Marjorie McCorkle Jones not only possessed that graceful and elegant forte, raised to appreciate the finer things though her life had many struggles – she had an extraordinary sense of humor. She could light a dark room up with her smile and laughter. One day, she’d hop like a bunny across the floor for me – the next, chase my bully off across the school parking lot (if you’ve never seen a bulging pre-teen boy running from a white-haired lady hauling ass out of a yellow Ford Pinto, I highly recommend you do). My Mammaw was a good Christian lady who always knew her place and loved the Lord dearly – but like Betty, she hadn’t a single inhibition of the occasional curse word passing her lips when so warranted. She loved to laugh more than any person I’ve ever known, lest I include myself.
Through the years I’ve followed Betty’s career, I’ve found the two personalities to so closely mimic each other that I could actually imagine a scenario of Betty and Mammaw being best friends back in the day. Her and a group of her girls skipping a day of high school together as they swung from vines underneath an old one-lane bridge on Old Dowd Road – where one eventually fell, broke her arm and brought the fun to a screeching halt. True story. Minus the Betty White scenario.
For the above and many more reasons, I’ve officially added Betty to my I’d love to Spend 24 Hours With… list. To hang out with this chick for a whole day would be a much-needed blast. In my book, she’d be right up there with Ellen.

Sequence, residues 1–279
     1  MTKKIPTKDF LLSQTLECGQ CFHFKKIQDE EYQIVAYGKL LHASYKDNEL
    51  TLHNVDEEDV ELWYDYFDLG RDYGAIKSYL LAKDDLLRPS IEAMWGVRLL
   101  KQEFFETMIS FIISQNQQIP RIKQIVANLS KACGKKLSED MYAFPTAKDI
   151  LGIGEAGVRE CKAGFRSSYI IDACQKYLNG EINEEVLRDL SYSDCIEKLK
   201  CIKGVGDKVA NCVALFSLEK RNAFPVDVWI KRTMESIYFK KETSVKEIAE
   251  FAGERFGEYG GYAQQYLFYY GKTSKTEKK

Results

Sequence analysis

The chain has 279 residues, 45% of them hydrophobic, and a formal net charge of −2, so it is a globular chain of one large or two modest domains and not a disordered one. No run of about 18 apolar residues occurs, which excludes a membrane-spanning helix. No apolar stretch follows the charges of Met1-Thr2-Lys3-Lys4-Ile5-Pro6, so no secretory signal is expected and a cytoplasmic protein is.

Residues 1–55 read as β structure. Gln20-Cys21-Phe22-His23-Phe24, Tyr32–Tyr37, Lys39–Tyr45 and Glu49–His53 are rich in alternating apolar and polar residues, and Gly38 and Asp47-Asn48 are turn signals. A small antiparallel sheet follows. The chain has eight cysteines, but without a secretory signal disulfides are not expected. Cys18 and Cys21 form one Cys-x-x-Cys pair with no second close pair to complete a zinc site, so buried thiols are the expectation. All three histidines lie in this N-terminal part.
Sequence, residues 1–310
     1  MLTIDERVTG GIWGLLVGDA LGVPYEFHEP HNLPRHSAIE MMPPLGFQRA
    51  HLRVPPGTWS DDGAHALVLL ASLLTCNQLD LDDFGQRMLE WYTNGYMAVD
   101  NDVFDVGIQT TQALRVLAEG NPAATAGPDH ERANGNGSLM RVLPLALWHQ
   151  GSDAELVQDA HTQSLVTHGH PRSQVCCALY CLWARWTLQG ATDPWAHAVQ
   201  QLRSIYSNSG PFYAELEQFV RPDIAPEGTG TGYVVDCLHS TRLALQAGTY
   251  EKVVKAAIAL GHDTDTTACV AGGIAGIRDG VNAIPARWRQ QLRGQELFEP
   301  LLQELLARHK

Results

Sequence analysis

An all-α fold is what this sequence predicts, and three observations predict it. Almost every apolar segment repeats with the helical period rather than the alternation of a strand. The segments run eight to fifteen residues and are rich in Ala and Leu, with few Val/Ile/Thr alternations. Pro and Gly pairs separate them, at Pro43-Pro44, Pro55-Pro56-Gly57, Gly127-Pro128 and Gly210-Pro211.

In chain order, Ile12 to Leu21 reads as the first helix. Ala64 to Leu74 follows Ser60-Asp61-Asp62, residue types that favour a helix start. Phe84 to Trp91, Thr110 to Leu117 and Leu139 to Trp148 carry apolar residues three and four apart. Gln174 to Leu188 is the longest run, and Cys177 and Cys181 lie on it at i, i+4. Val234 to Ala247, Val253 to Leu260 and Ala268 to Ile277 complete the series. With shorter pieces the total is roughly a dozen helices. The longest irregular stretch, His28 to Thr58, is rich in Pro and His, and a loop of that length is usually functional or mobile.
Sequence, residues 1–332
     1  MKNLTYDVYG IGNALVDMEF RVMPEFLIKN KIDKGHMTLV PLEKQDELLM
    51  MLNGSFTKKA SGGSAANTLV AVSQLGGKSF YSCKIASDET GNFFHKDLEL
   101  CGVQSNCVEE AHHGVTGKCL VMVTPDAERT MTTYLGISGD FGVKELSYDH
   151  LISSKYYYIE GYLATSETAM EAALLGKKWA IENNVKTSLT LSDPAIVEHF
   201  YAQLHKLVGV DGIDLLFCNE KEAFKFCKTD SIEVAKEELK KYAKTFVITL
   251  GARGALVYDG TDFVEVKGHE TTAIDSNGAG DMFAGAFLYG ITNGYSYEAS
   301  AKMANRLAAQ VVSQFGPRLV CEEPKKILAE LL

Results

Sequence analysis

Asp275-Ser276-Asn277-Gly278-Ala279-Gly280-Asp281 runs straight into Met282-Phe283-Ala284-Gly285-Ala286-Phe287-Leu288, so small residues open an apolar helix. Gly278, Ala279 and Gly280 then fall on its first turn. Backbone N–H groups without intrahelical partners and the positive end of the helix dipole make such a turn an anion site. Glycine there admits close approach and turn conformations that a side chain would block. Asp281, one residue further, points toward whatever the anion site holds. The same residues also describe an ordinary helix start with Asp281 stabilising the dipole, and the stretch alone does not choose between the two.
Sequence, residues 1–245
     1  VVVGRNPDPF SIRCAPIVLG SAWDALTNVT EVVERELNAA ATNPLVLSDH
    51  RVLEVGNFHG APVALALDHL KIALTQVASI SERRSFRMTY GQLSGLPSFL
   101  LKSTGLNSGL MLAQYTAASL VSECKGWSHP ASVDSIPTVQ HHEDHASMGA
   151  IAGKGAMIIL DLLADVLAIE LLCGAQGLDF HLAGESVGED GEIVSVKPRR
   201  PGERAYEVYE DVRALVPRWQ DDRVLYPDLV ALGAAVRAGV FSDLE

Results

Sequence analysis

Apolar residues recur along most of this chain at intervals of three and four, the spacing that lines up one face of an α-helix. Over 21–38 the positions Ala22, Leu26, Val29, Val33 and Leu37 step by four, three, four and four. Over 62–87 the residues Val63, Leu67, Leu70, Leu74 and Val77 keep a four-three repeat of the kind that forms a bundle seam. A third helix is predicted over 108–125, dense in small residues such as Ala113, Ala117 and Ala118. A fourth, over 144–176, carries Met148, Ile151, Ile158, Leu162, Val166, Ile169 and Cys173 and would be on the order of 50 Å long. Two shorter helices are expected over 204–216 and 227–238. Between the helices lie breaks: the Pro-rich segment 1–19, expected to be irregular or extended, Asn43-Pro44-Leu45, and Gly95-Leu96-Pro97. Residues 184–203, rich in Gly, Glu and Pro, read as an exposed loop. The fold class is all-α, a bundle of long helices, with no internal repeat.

So… Happy 90th, Miss Betty White Ludden. And Happy 95th to you up there in Heaven, dear Mammaw – if the earth numbers even matter now. Big hugs and kisses, from your bunny rabbit. 🙂
How do I start this, I sit here and wonder to myself. Do I even want to write about it at all? Not really. Do I need to? Probably. Problem is, my fingers don’t want to do the talking either. What the hell am I afraid of writing? Hello out there… brain to fingers – get to moving, babies. I need to get this out.
More ‘stuff’ over at the old house to go sort through. When my ex contacted me about it last week, I thought there was maybe just a bag or two to pick up. It was this time about four years ago when we were busy ‘splitting’ stuff. We stayed busy ‘splitting’ for months on end – after all, you do tend to accumulate a shitload throughout twenty-one years. So we split, split and split some more. When the emotions would get too high, we’d quit and start up again the next day, splitting again. I remember the pictures were the hardest – boxes and boxes of them.
I thought everything had been done. Nope… there’s more. Let’s go take care of it – it’s Goodwill or bust, ya know.
I’ve only had to go back over to the house a handful of times during the last several years. I don’t like driving through the neighborhood. I don’t like going down the street. I do NOT WANT to go in the house, as my daughter insisted on today “Mom, Dad knows you’re gonna be here to go through this stuff – I told him and he’s okay with it.” And so I commenced inside, where neatly stacked in her old room was a good-sized pile that came from the attic. Old baby clothes, stuffed animals, my old knitting materials, some outdated clothes, a few things that belonged to my grandmother, some of my old toys as a kid, all the missing Halloween decorations, and cards. If I failed to mention it before, I do not like going through cards.
Just when I think I’m a step ahead of the game, a day like today comes and knocks me back down a notch. Reminds me that I might not be as strong as I think I am. Was. Whatever. I must swallow the fact that I will forever have these demons, I’ve just realized they aren’t going to go away. What is it? No matter, for what’s done is done. My biggest demon? Failure. Still haven’t moved past that effing failure thing.